US 5347245 A
A signal splitter circuit accepts an input signal and conveys the input signal to two output ports. The circuit operates with minimal attenuation, throughout a very wide bandwidth, and also effectively isolates the output ports from each other. The signal from the input port is coupled to an autotransformer, and the ends of the autotransformer are connected to the respective output ports. A bridge load circuit which includes a transformer winding and a load connected in parallel, is inductively coupled to the autotransformer. The bridge load circuit has no connection to the splitter circuit, other than through the inductive coupling. The splitter circuit also includes inductors in series with the output ports and capacitors in parallel with the output ports. The circuit provides a balanced bridge circuit which cancels signals traveling between the output ports, and the inductors and capacitors provide impedance matching between the input port and output ports. The arrangement of the bridge load circuit places the leakage inductance of the autotransformer outside the effective path of the bridge load circuit, so that the leakage inductance cannot cause unwanted and unpredictable phase shifts at high frequencies.
1. A signal splitter circuit for use in a CATV system, comprising:
a) an input port and two output ports,
b) an autotransformer having a pair of inductively coupled coils, the coils having ends connected to the output ports, the coils being connected to the input port, and
c) a bridge load circuit, the bridge load circuit comprising a coil connected in parallel with a load, the coil being inductively coupled to at least a portion of the autotransformer, wherein the bridge load circuit is free of any connection to the signal splitter circuit other than through inductive coupling to the autotransformer.
2. The circuit of claim 1, further comprising an inductor in series with at least one of the output ports, and a capacitor in parallel with at least one of the output ports.
3. The circuit of claim 1, wherein the bridge load circuit further comprises a capacitor connected in parallel with the load.
4. The circuit of claim 2, wherein the autotransformer is connected to the input port at a center tap, and wherein there is a capacitor connected between the center tap and ground.
5. A signal splitter circuit for use in a CATV system, comprising:
a) an input port and two output ports,
b) a first autotransformer connected between the input port and ground,
c) a second autotransformer connected between the two output ports, the first and second autotransformers being electrically connected together and being also connected to a capacitor,
d) a bridge load circuit comprising an inductor, a resistor, and a capacitor, all connected in parallel, the inductor of the bridge load circuit being inductively coupled to the second autotransformer, wherein the bridge load circuit is free of any other connection with the splitter circuit, and
e) inductors connected in series with the output ports, and capacitors connected in parallel with the output ports.
6. A signal splitter circuit, for use at high frequencies, the circuit comprising an input port and two output ports, the input port being connected to an autotransformer, the autotransformer being connected to the two output ports, and a bridge load circuit comprising a transformer winding and a load connected in parallel, the winding of the bridge load circuit being inductively coupled to the autotransformer, the bridge load circuit being free of any direct connection to the signal splitter circuit.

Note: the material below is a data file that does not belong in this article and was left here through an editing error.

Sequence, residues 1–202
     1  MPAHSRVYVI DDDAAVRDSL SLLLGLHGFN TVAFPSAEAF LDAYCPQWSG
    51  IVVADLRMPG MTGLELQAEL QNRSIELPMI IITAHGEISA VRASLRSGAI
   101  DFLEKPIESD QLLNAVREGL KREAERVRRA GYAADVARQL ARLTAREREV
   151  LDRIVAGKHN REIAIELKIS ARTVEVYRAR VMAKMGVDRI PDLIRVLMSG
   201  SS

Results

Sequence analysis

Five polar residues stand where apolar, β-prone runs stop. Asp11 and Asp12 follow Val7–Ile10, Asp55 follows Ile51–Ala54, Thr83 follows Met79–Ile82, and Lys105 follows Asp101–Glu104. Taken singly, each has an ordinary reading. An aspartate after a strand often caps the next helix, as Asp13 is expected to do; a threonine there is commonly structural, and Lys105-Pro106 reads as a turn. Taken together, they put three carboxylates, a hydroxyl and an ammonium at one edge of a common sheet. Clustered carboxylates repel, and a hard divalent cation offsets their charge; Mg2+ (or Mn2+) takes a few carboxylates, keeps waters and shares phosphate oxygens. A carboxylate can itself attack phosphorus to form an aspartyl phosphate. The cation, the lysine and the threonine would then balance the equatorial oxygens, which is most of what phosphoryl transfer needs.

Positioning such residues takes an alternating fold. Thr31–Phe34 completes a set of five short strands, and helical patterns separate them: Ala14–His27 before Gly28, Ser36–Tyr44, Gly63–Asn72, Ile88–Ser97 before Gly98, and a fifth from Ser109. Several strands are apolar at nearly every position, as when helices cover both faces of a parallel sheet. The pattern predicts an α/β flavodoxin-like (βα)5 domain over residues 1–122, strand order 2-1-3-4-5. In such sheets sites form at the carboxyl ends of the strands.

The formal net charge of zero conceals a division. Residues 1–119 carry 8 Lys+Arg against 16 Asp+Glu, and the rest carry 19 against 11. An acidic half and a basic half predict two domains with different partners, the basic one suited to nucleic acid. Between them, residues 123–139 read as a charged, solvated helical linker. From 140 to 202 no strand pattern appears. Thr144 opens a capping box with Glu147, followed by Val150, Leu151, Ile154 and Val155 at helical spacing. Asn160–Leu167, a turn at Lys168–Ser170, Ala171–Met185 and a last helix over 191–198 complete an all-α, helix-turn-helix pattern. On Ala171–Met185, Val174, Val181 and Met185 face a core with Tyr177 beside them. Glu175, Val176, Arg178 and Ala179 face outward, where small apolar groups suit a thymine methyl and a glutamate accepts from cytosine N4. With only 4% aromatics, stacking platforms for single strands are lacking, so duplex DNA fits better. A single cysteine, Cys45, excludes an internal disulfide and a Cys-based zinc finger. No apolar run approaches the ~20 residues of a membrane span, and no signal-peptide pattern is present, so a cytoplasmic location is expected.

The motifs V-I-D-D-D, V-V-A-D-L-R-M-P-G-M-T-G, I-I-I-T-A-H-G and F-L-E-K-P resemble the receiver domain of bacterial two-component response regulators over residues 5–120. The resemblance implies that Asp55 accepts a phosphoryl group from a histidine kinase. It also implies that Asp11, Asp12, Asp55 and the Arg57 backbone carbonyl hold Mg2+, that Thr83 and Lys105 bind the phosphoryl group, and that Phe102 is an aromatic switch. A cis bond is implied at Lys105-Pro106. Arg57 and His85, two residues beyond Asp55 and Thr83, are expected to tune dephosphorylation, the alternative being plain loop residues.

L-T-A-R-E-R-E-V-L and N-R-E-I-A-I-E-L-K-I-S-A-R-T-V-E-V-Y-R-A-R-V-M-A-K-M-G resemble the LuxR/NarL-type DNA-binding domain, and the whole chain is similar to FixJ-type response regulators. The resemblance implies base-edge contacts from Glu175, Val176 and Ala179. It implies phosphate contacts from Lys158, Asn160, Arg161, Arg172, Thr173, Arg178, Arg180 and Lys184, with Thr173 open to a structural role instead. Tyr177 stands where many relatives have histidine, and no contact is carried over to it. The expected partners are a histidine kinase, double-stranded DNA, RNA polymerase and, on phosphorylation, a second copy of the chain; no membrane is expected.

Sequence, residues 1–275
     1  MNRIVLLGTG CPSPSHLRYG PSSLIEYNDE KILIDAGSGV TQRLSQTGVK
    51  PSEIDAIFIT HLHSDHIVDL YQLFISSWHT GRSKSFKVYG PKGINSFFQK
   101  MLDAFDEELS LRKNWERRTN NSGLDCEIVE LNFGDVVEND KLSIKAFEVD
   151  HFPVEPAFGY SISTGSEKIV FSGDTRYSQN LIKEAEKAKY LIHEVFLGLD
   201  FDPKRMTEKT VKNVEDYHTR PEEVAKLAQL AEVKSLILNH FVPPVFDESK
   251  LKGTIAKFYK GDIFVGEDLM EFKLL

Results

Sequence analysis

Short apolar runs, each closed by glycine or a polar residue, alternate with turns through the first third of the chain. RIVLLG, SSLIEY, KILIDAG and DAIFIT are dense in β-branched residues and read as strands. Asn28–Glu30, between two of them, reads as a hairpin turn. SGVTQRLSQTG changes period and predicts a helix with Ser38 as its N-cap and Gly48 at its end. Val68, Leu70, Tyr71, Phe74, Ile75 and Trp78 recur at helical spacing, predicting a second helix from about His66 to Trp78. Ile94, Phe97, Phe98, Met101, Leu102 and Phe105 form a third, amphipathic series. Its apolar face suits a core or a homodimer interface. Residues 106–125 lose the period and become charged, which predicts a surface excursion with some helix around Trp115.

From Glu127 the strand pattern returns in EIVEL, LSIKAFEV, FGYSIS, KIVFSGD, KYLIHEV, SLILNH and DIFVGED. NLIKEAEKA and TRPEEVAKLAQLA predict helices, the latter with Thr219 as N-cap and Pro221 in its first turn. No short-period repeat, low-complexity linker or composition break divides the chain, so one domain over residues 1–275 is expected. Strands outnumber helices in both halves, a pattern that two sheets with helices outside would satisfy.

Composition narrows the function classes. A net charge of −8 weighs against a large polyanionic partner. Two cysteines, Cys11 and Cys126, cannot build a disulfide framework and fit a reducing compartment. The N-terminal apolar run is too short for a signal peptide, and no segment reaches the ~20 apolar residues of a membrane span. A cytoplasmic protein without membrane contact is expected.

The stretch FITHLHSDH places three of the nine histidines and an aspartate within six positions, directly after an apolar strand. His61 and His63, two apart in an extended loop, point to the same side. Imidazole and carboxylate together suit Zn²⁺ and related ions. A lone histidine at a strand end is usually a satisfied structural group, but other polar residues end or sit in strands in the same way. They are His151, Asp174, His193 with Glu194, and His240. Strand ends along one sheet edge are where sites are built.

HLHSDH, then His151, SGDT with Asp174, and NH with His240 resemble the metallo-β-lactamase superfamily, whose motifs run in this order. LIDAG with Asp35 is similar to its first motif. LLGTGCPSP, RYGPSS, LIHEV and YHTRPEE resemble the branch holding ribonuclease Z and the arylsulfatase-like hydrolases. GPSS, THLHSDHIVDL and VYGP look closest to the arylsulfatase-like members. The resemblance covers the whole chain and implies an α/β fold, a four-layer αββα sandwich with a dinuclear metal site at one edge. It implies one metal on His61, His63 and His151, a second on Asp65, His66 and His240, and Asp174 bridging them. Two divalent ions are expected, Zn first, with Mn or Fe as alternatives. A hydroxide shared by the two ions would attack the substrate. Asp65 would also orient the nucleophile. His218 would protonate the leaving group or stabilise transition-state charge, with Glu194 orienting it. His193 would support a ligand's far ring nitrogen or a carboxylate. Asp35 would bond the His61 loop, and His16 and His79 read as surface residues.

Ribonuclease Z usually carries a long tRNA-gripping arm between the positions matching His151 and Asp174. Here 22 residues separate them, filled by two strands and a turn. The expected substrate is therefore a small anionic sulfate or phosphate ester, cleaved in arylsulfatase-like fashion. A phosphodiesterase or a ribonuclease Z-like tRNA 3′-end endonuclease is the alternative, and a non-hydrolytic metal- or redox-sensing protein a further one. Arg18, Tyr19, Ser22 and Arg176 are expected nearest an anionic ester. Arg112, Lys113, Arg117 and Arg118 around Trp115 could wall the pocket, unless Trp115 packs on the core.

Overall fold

7. The circuit of claim 6, further comprising a capacitor connected in parallel with the load in the bridge load circuit.
8. The circuit of claim 6, further comprising at least one inductor connected in series with at least one of the output ports.
9. The circuit of claim 8, further comprising at least one capacitor connected in parallel with at least one of the output ports.
10. The circuit of claim 9, wherein the input port is connected to the autotransformer at a point, and wherein there is a capacitor connected between said point and ground.
11. A signal splitter circuit for use in a CATV system, comprising:
a) an input port and two output ports,
b) an autotransformer having a pair of inductively coupled coils, the coils having ends connected to the output ports, the coils being connected to the input port, and
c) a bridge load circuit, the bridge load circuit comprising a coil connected in parallel with a load, the coil of the bridge load circuit being inductively coupled to at least a portion of the autotransformer, wherein the circuit is free of any direct path from one output port, through the load, and to the other output port.
12. The circuit of claim 11, further comprising an inductor in series with at least one of the output ports, and a capacitor in parallel with at least one of the output ports.
13. The circuit of claim 11, wherein the bridge load circuit further comprises a capacitor connected in parallel with the load.
14. The circuit of claim 12, wherein the autotransformer is connected to the input port at a center tap, and wherein there is a capacitor connected between the center tap and ground.
This invention relates to the field of signal splitters for use in CATV distribution systems, and in other applications in which signals, having a wide range of frequencies, are distributed across various output ports. The invention is therefore not necessarily limited to use in CATV system.
At literally thousands of locations in a CATV (community antenna television) distribution system, an incoming signal must be split among two or more outgoing branch circuits. The signal splitters that divide the signal among the outgoing branches must fulfill several challenging performance criteria. First, the CATV signal has a very broad bandwidth, currently ranging from 5-552 MHz. In the foreseeable future, the upper limit will reach 1000 MHz (1 GHz), so the total bandwidth will approach eight octaves of range. At 1 GHz, conventional printed circuit boards and wire lead components do not perform acceptably.
Secondly, over the frequency range of the signal, the power loss must be uniform, within a small fraction of a decibel. During its trip from the head-end of the system to a subscriber's home, the signal must pass through more than a dozen splitters. Any attenuation in the splitter will be multiplied by the number of splitters in the line.